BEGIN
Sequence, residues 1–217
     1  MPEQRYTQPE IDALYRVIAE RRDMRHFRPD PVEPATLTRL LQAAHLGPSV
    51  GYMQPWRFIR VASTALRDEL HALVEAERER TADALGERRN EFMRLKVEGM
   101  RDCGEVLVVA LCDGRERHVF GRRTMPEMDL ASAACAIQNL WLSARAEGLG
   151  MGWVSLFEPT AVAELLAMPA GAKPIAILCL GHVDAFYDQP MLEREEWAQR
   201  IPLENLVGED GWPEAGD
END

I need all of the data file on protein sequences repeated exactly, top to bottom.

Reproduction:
Sequence, residues 1–217
     1  MPEQRYTQPE IDALYRVIAE RRDMRHFRPD PVEPATLTRL LQAAHLGPSV
    51  GYMQPWRFIR VASTALRDEL HALVEAERER TADALGERRN EFMRLKVEGM
   101  RDCGEVLVVA LCDGRERHVF GRRTMPEMDL ASAACAIQNL WLSARAEGLG
   151  MGWVSLFEPT AVAELLAMPA GAKPIAILCL GHVDAFYDQP MLEREEWAQR
   201  IPLENLVGED GWPEAGD